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Blog Birding #334

How do birders process the birds that they see? How do our brains go from stimulus to identification and where can it get tripped up. These are questions Jennifer Gorka seeks to answer, or at least, to think about.

Here’s a cross-disciplinary thought about how we identify birds: we seem to wrestle between bottom-up and top-down processing. Bottom-up processing of visual information is what we imagine to be our “raw perception”: we sense light with our eyes which we eventually translate into what our brains interpret. It’s the most intuitive and direct model of perception. However, I’ve been talking with birders for years about how we learn to identify birds, and my experiences lead me to believe top-down processing plays in, which is based in cognition instead of sensing.

Twitching. Chasing. We all know what it means. You hear about a rare bird near or far and you make plans to go see it. Steve Tucker of Bourbon, Bastards, and Birds has some tips on how to make you next twitch a great success.

I chase a lot of birds, within a certain radius anyway. Always have, probably always will. I love seeing birds, don’t care who found them. Sure, self-found birds are way better, but the idea of snobbishly avoiding going to see a rarity because someone else found it is absurd at best. If you are waiting to find your own Ivory Gull instead of looking for one someone else reported…good luck with that. I hope you have a long life ahead of you…you’re gonna need it. The trick is not getting into the habit of doing nothing but chasing. But I digress, because this post is dedicated to chasing. More specifically, how to maximize your chances of success and comport yourself with some dignity.

And the other side of that coin? The dip. But it’s ok to dip from time to time, as James Mustafa writes at the appropriately named Big Dip Birding.

Sometimes, it’s ok to dip. In fact, honestly? I think it’s a basic fundamental of the entire practice of birding. To bird without dipping would be like crawling around in the sand pit as a child and not accidentally ingesting a mouthful or two. You know, the whole ‘what doesn’t kill you makes you stronger’ thing? Sometimes that end destination has certain hiccoughs, and you’re not even sure if you’ll ever even make it. But that’s ok. These hits and misses, successes and failures are all a part of the birding journey. The rite of passage as it were, is jam packed with (hopefully) a joyous combination of successful twitchers and flummoxing dips. However, if you stick to it long enough, you’ll soon learn to appreciate that sometimes, it’s ok to dip.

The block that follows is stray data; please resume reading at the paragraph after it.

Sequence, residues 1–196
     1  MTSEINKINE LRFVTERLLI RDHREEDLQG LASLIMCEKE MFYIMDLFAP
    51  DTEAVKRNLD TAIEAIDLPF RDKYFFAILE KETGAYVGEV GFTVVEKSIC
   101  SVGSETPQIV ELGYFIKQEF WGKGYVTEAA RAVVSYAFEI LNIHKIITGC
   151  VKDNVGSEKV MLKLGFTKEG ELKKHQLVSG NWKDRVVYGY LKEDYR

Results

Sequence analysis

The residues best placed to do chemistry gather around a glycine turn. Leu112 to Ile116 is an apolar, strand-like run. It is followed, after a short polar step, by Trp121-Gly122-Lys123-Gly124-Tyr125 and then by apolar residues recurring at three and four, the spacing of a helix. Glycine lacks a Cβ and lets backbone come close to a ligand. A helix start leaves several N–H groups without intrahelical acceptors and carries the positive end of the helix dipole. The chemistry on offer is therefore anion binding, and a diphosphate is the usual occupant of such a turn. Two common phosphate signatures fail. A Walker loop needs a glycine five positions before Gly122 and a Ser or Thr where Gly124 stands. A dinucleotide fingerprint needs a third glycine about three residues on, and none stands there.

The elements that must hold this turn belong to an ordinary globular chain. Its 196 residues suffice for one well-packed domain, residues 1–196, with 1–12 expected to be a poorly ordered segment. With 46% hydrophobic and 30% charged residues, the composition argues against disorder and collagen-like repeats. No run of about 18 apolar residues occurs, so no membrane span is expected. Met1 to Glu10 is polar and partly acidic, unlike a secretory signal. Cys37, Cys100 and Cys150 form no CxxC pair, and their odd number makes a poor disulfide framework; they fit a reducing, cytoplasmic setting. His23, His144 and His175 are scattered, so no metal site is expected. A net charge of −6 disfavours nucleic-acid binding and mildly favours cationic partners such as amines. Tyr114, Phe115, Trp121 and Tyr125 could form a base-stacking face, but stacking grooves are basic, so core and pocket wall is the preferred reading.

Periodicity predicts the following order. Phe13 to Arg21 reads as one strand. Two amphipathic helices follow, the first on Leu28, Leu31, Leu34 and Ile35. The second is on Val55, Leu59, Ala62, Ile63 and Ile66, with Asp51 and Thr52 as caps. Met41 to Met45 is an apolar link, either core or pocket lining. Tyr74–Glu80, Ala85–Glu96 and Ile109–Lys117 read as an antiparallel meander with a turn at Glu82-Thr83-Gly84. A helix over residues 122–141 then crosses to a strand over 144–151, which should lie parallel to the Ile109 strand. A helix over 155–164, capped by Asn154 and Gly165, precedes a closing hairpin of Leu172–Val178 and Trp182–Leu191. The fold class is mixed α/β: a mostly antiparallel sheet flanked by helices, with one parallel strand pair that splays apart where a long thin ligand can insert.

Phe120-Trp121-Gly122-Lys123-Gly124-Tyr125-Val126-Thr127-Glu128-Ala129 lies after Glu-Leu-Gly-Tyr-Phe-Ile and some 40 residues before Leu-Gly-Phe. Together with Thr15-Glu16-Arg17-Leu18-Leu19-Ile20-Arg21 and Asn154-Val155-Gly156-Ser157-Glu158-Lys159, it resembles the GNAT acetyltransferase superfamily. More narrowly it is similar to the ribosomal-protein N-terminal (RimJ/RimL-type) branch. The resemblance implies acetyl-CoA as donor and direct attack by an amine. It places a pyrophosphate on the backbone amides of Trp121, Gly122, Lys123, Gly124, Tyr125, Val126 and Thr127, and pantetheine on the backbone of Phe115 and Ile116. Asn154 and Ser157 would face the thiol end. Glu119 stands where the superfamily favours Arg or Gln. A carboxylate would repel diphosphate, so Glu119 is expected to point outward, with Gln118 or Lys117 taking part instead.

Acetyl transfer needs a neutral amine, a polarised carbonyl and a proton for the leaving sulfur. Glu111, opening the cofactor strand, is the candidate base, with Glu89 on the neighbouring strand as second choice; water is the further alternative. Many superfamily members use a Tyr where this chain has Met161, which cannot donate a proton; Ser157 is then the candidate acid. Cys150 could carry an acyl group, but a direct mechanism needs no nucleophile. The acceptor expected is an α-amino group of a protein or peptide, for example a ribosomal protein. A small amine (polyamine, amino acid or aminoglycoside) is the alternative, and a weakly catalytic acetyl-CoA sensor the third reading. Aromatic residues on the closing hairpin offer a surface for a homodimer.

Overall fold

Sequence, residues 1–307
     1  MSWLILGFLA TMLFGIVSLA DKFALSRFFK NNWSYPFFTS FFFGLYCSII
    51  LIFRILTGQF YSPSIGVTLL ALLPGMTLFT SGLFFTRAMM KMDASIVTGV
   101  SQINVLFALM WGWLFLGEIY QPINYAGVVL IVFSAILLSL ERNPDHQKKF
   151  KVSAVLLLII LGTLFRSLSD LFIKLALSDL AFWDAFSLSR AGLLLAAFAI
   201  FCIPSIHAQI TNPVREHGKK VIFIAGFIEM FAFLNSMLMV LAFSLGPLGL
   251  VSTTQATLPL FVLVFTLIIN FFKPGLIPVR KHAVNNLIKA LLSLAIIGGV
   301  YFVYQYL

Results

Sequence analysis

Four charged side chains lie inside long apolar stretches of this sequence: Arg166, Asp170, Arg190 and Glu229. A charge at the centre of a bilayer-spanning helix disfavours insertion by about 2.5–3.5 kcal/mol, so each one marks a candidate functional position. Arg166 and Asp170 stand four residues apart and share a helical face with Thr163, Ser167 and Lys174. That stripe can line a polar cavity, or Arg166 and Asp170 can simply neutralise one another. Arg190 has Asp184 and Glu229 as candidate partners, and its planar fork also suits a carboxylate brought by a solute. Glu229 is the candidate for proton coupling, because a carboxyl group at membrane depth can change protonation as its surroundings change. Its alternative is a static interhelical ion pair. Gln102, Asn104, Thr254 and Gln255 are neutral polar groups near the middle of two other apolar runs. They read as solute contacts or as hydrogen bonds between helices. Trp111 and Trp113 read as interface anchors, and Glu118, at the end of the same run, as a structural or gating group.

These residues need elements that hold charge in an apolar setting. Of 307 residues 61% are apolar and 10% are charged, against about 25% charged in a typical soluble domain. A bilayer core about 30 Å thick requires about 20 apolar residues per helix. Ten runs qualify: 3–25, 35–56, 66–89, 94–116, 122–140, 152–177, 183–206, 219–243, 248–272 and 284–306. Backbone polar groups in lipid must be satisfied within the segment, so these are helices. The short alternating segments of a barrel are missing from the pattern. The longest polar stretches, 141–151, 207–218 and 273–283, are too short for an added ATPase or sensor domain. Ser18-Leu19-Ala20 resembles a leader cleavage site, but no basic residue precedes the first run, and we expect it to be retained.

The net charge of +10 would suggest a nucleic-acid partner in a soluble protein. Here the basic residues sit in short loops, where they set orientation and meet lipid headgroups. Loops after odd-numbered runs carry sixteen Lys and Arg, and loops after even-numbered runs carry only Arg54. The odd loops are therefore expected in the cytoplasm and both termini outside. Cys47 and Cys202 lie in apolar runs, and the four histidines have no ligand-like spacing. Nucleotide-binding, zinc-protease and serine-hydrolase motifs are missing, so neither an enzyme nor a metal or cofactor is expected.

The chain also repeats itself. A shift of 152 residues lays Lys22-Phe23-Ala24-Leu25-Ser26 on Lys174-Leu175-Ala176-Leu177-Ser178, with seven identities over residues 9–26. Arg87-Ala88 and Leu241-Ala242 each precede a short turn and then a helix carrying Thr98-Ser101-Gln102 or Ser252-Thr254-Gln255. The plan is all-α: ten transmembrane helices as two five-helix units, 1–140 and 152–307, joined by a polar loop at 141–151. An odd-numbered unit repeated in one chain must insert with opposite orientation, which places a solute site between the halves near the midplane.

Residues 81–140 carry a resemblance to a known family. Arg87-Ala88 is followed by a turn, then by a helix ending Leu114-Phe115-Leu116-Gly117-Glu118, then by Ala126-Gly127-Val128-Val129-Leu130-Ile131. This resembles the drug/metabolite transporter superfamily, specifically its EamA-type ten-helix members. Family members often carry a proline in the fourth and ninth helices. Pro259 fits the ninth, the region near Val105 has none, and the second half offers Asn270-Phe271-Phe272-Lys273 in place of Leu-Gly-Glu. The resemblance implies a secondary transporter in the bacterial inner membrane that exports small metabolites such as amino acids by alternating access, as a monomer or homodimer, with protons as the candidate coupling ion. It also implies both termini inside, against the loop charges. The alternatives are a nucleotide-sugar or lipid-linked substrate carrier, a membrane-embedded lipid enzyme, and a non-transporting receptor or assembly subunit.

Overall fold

Bird beaks are more than just seed crushers and mouse dismemberers. They’re also amazingly efficient air conditioners, as Kate St. John at Outside My Window explains.

Raymond Danner of UNC Wilmington and his colleagues used CT scans to display the internal beak structures of two subspecies of song sparrows. The specimens were collected in Delaware and Washington, DC.

Delaware and D.C. don’t seem to have different climates, but a bird of the dunes copes with a hot dry micro-climate compared to one that nests in a wooded inland park.

A DSLR can snap about 10 shots per second, but is it fast enough to capture the wing beats of a hummingbird? Ron Dudley at Feathered Photography tries to find out.

My camera fires 10 shots per second in burst mode. According to the National Park Service the average North American hummingbird beats its wings 53 times per second (it’s really more a rotation than a beat which makes that speed even more remarkable). So in the time it took me to fire off these two shots the hummingbird likely completed 5+ beat cycles and I missed 4 of them between the first and second photo!


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Nate Swick

Nate Swick

Editor, Social Media Manager at American Birding Association
Nate Swick is the editor of the American Birding Association Blog, social media manager for the ABA, and the host of the American Birding Podcast. He lives in Greensboro, North Carolina, with his wife, Danielle, and two young children. He is the author of Birding for the Curious and The ABA Field Guide to Birds of the Carolinas.
Nate Swick

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